If you get upset about liberal vagina politics, you might want to click over to another page now, mmmkay?
This week I wanted to write about the kinky sex I've had, but guess what, I'm tired of being called a "slut" and a "whore," so I want to take time and explain to everyone once again why I do what I do.
However, first I'd like to talk about the current climate in which both sexual freedom and women's rights are being attacked. Let's begin with rape. Just so we're clear, here is the dictionary definition of rape: "A type of sexual assault usually involving sexual intercourse, which is initiated by one or more persons against another person without that person's consent."
What is consent? "Consent is an act of reason and deliberation. A person who possesses and exercises sufficient mental capacity to make an intelligent decision demonstrates consent by performing an act recommended by another. Consent assumes a physical power to act and a reflective, determined, and unencumbered exertion of these powers."
Consent is the key issue in the modern-day definition of rape. Rape does not require that the rapist use physical force; the issue is whether the person who is being raped actually agreed to have sex. People who are asleep cannot consent to sex. People who have been drugged cannot consent to sex. In many jurisdictions minors cannot consent to sex.
Rape is not a crime of passion; it is a crime of violence. Rape doesn't only happen to women. Wearing a short skirt and stilettos doesn't invite rape. Most rape doesn't occur in a dark alleyway by a creepy stranger; more than two thirds of victims know their rapists. So what does that mean? It means that in the vast majority of cases, a knife isn't being held to your throat while a convicted felon hisses, "You know you like it" (although that does happen).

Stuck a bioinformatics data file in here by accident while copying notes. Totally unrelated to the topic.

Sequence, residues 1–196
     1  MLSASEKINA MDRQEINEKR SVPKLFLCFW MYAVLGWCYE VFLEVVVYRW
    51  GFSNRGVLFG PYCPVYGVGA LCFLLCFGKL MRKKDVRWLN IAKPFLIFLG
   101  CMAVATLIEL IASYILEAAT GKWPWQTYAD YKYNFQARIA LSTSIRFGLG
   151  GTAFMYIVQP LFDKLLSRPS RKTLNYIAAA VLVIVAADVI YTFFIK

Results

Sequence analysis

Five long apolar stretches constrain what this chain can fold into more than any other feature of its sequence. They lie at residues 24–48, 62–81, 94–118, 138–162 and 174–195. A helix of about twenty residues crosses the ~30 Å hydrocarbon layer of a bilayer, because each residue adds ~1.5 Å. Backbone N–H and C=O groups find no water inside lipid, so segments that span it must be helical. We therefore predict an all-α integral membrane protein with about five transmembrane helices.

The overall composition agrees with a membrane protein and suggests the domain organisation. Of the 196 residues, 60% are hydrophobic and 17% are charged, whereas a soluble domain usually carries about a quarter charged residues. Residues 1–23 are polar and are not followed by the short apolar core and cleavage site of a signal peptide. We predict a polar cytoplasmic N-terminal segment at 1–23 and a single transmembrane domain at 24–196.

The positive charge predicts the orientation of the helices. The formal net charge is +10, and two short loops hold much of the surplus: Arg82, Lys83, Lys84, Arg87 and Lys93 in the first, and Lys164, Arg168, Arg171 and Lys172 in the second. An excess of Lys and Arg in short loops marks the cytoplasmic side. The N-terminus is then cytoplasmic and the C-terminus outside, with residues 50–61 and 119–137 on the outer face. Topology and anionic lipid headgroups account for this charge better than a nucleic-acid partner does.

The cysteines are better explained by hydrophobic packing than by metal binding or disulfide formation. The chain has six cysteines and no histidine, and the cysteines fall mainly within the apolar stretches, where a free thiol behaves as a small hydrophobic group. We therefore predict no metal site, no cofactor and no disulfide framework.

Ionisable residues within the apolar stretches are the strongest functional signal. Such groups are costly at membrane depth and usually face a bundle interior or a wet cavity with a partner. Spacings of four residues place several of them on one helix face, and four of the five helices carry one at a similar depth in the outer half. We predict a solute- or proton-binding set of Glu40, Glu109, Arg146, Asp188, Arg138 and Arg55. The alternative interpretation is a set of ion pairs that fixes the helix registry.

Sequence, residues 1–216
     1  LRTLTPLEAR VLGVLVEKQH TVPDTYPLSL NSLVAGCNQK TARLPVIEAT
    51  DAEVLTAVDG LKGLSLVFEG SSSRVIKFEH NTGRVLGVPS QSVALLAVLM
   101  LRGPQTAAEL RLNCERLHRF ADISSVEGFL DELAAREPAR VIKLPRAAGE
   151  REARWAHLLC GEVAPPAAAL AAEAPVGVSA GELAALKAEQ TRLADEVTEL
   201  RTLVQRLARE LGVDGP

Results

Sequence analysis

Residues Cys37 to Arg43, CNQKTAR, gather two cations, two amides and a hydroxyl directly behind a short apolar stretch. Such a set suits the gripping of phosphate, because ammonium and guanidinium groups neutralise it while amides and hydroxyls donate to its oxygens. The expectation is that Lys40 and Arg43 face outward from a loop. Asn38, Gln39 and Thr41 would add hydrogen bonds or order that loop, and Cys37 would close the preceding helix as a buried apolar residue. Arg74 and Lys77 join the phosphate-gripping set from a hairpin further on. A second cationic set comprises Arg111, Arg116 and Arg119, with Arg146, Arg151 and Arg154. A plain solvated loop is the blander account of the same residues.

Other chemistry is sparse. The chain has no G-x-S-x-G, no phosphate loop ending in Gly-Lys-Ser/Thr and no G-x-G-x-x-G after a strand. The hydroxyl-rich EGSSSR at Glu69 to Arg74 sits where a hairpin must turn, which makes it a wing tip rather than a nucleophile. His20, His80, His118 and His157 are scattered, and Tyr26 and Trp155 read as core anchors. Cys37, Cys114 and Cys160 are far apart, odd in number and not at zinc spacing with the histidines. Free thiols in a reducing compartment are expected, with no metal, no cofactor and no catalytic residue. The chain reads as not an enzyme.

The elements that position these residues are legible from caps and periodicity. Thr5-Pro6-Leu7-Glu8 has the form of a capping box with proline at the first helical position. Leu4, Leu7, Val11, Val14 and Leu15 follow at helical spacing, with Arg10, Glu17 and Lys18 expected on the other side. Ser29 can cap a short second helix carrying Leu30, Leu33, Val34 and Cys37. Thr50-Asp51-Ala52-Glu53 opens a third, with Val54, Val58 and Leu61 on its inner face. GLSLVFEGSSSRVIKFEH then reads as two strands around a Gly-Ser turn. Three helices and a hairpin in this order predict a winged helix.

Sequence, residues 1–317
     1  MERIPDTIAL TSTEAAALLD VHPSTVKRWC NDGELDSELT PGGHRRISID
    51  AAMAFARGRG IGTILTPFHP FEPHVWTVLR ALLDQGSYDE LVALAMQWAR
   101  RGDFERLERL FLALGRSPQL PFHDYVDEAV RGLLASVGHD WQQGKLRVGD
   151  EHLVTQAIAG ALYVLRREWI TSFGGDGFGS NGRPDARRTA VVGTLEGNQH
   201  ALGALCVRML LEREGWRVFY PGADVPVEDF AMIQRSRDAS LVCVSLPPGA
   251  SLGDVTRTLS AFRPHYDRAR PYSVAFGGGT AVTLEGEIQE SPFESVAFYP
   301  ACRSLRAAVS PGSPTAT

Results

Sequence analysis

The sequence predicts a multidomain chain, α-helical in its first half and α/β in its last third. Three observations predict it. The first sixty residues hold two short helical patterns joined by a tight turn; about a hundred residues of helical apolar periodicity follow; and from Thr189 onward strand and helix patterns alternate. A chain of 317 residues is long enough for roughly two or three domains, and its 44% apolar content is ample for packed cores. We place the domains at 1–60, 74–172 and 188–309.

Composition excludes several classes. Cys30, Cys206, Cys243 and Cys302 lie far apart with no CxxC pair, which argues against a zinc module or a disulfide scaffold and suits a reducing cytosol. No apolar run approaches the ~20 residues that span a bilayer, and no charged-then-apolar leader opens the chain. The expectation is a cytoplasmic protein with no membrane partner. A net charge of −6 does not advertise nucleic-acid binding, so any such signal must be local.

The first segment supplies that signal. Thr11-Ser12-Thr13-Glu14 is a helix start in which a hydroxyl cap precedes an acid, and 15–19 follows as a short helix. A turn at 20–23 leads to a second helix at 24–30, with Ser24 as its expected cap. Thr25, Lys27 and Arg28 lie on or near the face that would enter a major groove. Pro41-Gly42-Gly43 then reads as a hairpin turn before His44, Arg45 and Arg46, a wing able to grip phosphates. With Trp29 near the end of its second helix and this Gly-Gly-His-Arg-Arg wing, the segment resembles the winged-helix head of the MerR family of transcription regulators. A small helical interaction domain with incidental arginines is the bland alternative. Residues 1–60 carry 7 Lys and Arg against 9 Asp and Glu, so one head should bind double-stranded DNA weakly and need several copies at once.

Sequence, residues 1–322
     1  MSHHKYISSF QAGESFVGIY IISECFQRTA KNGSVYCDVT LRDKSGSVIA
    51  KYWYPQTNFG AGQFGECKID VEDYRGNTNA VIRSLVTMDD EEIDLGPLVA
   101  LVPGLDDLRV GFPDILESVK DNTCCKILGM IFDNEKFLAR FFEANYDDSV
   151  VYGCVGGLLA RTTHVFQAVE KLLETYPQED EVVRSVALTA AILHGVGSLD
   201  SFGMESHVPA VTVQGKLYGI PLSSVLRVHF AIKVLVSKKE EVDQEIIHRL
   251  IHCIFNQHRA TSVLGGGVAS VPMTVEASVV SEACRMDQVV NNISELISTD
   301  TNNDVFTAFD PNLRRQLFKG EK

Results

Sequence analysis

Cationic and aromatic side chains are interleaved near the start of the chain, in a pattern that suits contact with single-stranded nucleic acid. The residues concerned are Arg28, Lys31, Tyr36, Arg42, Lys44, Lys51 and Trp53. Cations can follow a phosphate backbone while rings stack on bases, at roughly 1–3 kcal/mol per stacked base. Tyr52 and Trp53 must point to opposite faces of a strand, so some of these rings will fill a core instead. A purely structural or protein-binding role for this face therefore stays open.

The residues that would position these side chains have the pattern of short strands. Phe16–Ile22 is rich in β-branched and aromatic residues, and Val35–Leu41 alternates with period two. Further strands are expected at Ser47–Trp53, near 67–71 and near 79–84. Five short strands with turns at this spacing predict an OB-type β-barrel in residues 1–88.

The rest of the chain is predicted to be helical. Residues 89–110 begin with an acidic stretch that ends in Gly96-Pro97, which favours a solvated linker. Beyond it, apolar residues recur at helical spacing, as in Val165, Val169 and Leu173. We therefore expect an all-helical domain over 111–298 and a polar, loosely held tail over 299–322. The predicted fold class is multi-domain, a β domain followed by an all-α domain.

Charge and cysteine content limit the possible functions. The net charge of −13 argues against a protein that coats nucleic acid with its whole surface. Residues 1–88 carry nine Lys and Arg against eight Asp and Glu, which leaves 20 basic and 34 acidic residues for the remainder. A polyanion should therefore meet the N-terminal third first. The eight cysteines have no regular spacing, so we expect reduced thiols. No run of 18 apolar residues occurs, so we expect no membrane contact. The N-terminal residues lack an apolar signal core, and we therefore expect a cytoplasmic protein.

The definition of rape has evolved over time. Not so long ago in America, there was a belief that a husband should be able to have sex freely with his wife whenever it pleases him to do so. Therefore, a wife could not prosecute her husband for raping her. Sex was considered a "marital duty."
You might wonder why our ideas about rape have changed over time. Well, there are a variety of reasons for this shift in thought. First, rape victims and their lawyers clocked countless hours in the courtroom fighting to make judges and juries understand that rape is a serious crime that is perpetrated in many forms, and that it inflicts emotional and sometimes physical harm on the victim, and that the rapist deserves punishment for inflicting the harm. Also, the women's rights movement helped to clarify that women and men are equals, and therefore, among many rights, we have the right to make choices about who can and cannot touch our bodies. Clearly this is a simplification, because I don't have the time to explain all the causes that changed our attitudes.